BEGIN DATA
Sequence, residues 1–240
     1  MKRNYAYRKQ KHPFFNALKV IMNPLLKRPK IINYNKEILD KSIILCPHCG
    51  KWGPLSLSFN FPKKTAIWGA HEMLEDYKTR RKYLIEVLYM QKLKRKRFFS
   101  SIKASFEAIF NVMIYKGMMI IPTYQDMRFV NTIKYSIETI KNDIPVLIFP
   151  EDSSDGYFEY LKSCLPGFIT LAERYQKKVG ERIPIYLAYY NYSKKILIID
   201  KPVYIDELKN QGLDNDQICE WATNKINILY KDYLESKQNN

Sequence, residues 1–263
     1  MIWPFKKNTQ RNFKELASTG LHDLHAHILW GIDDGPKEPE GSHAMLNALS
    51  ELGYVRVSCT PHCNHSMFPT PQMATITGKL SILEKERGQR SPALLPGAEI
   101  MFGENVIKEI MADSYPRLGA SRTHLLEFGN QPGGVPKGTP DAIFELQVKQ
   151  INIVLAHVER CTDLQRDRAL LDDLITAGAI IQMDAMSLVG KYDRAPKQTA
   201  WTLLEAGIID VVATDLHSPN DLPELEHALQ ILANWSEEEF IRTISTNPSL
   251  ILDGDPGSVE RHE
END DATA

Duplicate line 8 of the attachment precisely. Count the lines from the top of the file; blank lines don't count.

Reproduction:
     1  MIWPFKKNTQ RNFKELASTG LHDLHAHILW GIDDGPKEPE GSHAMLNALS